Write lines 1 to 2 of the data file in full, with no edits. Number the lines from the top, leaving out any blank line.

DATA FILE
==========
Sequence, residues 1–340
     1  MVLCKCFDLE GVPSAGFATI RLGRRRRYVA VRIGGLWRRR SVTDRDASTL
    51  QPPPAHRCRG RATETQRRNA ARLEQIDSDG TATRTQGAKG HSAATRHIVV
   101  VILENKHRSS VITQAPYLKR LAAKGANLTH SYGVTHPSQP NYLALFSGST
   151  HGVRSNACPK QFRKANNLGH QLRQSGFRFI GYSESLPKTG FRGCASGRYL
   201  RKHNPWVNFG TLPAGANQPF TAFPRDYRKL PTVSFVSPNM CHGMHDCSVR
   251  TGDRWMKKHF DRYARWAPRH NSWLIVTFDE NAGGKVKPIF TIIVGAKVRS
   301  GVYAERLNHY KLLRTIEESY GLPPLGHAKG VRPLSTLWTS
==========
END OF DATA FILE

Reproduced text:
Sequence, residues 1–340
     1  MVLCKCFDLE GVPSAGFATI RLGRRRRYVA VRIGGLWRRR SVTDRDASTL